Cancun’s beaches are public, which allows for a certain amount of liberality. There are no particular rules for governing topless women, so regardless of which beach you choose, you may find some topless sunbathers. Most hotels, however, are family oriented. They do not want women to go topless on their premises, including the swimming pool area.
Camping is allowed on Yucatan Peninsula beaches, but you will need to go beyond Cancun’s hotel district for an acceptable place to stake down a tent, or park a motor home. Puerto Morelos and Playa del Carmen are a short distance from Cancun and supplies campgrounds with RV hook up’s, shower and toilets.
Although the beach is public, the deck chairs, thatched roofs and umbrellas are not. They are supplied by the hotels and meant only for their guests.
The beach can change drastically during hurricane weather. Erosion has been one of Cancun’s greatest problems in maintaining its sparkling beach front. Do not go out to the beach during gale warnings and expect damages to the beach in terms of oceanic debris and manmade structures in the aftermath of a hurricane.
The Cancun sun is intense. Always bring plenty of sun screen, wear a shade hat for walking, and drink plenty of water. Stay in the shade during the hottest hours of the afternoon.
Because of the volatile situation concerning the value of Western currency, most of the domestic community prefers to be paid in pesos. Apart from major hotel chains, there is a limit to the amount of credit you can use, usually between £460- £550. You should have, on a daily basis, at least £63 converted into pesos. Use pesos to pay for meals, entertainment, transportation and gifts.
Convert a portion of your currency into pesos before leaving home. You can do this online or through an international exchange service. You will need pesos as soon as you bargain with a taxi driver, board a bus or tip somebody for handling your luggage.
Tipping is very much a part of acceptable behaviour in Mexico. Even in restaurants that say “no tipping allowed”, there still is an expectancy of a tip. Tip the boy that bags your groceries, tip the bell boy who gives you a special service, even if the service is no more than useful information, tip the waitress that replenishes your cocktail. It doesn’t have to be much, less than a pound, but tipping gives you favouritism with the local populace.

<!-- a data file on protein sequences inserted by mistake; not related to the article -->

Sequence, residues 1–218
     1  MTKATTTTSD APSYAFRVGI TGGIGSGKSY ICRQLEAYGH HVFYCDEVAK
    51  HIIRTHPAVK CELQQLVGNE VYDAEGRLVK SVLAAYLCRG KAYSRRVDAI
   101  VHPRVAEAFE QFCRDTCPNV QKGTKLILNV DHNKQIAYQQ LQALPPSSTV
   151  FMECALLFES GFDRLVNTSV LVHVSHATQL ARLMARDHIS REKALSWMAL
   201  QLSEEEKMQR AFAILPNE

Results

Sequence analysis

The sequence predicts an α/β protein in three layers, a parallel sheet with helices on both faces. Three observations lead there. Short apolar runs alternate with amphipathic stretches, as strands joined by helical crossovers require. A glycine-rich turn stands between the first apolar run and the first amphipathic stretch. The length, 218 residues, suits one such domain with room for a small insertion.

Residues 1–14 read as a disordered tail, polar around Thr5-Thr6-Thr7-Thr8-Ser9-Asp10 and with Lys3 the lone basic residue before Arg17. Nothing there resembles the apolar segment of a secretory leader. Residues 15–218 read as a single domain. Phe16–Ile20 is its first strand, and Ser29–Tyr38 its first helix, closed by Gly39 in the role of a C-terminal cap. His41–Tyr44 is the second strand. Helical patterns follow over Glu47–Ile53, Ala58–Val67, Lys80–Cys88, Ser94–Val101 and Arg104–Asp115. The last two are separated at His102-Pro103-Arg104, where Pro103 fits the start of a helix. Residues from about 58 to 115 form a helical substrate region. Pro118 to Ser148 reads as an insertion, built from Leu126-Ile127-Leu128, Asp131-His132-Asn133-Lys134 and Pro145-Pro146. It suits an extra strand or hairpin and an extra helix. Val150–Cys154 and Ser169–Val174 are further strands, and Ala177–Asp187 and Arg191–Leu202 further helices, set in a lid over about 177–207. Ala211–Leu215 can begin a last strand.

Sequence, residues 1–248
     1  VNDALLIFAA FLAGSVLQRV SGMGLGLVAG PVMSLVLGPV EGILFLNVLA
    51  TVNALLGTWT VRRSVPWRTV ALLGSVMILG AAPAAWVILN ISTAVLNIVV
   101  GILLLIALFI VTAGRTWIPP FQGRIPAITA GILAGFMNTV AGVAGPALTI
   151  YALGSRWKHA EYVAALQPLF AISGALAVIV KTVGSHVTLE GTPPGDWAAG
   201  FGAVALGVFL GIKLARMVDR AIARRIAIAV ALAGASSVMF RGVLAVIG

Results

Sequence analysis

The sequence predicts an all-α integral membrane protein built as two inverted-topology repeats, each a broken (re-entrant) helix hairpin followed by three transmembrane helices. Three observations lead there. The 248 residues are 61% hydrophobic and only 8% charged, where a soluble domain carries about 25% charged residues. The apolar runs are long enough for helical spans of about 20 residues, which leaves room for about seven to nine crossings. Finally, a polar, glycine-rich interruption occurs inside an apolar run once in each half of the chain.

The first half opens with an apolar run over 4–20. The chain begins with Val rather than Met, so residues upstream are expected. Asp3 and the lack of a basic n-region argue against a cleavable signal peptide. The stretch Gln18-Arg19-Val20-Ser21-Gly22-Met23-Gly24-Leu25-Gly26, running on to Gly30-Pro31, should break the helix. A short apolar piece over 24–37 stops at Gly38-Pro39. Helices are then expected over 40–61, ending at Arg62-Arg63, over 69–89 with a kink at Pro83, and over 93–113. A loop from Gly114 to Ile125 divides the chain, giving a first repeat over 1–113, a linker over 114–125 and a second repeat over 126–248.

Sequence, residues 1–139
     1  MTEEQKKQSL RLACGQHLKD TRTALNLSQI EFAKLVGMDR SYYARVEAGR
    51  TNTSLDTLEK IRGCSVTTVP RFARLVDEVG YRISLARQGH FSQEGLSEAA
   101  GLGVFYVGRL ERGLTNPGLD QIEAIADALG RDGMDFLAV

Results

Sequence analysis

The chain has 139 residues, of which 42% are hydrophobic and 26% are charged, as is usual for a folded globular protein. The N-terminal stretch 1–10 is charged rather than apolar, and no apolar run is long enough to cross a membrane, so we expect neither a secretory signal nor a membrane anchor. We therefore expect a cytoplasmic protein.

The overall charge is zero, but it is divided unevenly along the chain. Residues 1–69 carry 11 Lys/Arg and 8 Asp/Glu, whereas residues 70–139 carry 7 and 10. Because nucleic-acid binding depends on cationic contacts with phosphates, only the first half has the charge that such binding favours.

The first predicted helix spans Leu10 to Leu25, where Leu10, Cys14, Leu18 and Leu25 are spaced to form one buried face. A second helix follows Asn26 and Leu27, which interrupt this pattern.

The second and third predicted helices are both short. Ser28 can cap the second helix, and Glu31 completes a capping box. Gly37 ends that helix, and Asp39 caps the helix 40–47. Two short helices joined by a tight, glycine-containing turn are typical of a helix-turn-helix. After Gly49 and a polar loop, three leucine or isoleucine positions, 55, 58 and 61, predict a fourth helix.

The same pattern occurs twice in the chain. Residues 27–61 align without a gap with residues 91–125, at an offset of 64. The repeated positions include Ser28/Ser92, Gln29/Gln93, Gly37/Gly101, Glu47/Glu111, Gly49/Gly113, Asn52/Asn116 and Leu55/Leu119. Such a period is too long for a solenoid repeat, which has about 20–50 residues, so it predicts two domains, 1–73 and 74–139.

Outside the designated tourist areas, Cancun is a different world. It’s not recommended that you try to navigate the streets unless you know the Spanish language. If you become lost or confused, there will be very few people who would be able to assist you.
Not all areas of Cancun are safe. Some were recently overrun by the Zeta gang, and an atmosphere of drugs and violence still exist in some neighbourhoods. You should only explore the non-tourist designated areas of Cancun with a responsible guide.
Don’t carry large sums of money with you while visiting Cancun and don’t flaunt your wealth. Dress quietly for local venues, without a display of expensive jewellery, and treat your belongings with care. While a certain amount of generosity goes a long way, if you are disproportionately flashing around money, you’re inviting liars and thieves.
There’s no doubt your holiday in Cancun will be a broader experience if you have credible Spanish skills, as even bi-lingual residents will open up and tell you of places to go and things to do that are not usually included on the visitor’s list if you speak to them in their own language. They may tell you of safe locations outside the hotel district where you can find accommodations at local prices. Beware, however, of hotels that are “bien barrato”. In Mexico, you get what you pay for. A cheap hotel can mean no hot water, water that is turned on only twice a day, shared toilet and shower facilities, no air-conditioning or Internet access, a sagging bed, and a host of other discomforts.
If you choose to set up housekeeping outside the main residential district or tourism zone, you’ll probably see a lot of beggars. Over sixty percent of the population is Roman Catholic, with attitudes about begging consistent with their Catholic philosophies, even among those who profess no religious preferences. They believe your character is judged by your compassion for the poor. Even less affluent Mexicans will render a few coins for the beggars on a regular basis, and few establishments are willing to chase them from their doors. Giving a few coins to the beggars will make you more welcome in the community.
The European Spanish you were taught was probably formal Spanish, or Castellón. On the streets, the people speak an informal dialect. Learning common street expressions is useful, as it formal Spanish signifies a class distinction. However, be sure to learn the full significance of the phrases you learn as some words are not considered acceptable in refined company.